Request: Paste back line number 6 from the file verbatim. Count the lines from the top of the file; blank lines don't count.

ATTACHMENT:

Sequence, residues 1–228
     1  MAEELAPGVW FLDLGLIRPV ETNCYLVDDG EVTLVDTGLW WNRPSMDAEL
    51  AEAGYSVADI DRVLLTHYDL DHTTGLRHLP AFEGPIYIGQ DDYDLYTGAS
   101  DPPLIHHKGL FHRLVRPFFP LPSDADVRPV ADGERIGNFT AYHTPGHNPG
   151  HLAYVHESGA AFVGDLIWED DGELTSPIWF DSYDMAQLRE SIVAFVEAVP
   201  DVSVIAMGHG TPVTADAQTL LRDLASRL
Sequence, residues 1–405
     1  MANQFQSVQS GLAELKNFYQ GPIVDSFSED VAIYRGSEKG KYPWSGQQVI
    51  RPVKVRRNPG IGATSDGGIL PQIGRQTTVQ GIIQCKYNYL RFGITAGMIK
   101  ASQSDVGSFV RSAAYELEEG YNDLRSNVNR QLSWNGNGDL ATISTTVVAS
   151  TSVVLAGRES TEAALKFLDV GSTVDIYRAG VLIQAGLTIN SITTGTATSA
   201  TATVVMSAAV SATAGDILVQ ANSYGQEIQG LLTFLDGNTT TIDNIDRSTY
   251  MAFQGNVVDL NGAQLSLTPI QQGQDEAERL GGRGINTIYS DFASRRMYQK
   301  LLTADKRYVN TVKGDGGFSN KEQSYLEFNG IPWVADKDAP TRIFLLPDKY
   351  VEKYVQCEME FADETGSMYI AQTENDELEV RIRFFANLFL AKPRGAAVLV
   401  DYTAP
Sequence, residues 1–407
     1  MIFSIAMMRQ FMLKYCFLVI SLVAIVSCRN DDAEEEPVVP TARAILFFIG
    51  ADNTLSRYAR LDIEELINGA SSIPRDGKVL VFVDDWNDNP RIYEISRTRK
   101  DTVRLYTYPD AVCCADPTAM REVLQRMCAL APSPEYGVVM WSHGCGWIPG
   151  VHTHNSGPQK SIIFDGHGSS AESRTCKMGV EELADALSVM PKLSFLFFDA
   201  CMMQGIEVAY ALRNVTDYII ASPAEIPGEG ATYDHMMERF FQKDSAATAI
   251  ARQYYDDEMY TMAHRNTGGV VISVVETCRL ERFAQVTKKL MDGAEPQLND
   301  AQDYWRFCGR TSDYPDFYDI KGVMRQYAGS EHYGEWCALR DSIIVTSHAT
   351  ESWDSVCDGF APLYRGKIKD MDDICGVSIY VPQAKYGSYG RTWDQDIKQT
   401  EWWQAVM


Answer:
   201  DVSVIAMGHG TPVTADAQTL LRDLASRL